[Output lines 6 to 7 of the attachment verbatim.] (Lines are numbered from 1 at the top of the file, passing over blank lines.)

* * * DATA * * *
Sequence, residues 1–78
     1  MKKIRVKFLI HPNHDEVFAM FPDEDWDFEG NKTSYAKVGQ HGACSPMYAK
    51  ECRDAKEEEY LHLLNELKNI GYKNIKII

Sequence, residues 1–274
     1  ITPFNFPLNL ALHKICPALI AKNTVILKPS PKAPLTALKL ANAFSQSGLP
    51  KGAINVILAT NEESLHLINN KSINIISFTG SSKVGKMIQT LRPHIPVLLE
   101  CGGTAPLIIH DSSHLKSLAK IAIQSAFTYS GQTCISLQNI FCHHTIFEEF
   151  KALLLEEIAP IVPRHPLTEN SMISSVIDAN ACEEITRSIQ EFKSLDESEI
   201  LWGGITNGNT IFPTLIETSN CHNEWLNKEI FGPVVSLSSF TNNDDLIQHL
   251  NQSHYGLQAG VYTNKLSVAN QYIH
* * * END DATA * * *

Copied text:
    51  KGAINVILAT NEESLHLINN KSINIISFTG SSKVGKMIQT LRPHIPVLLE
   101  CGGTAPLIIH DSSHLKSLAK IAIQSAFTYS GQTCISLQNI FCHHTIFEEF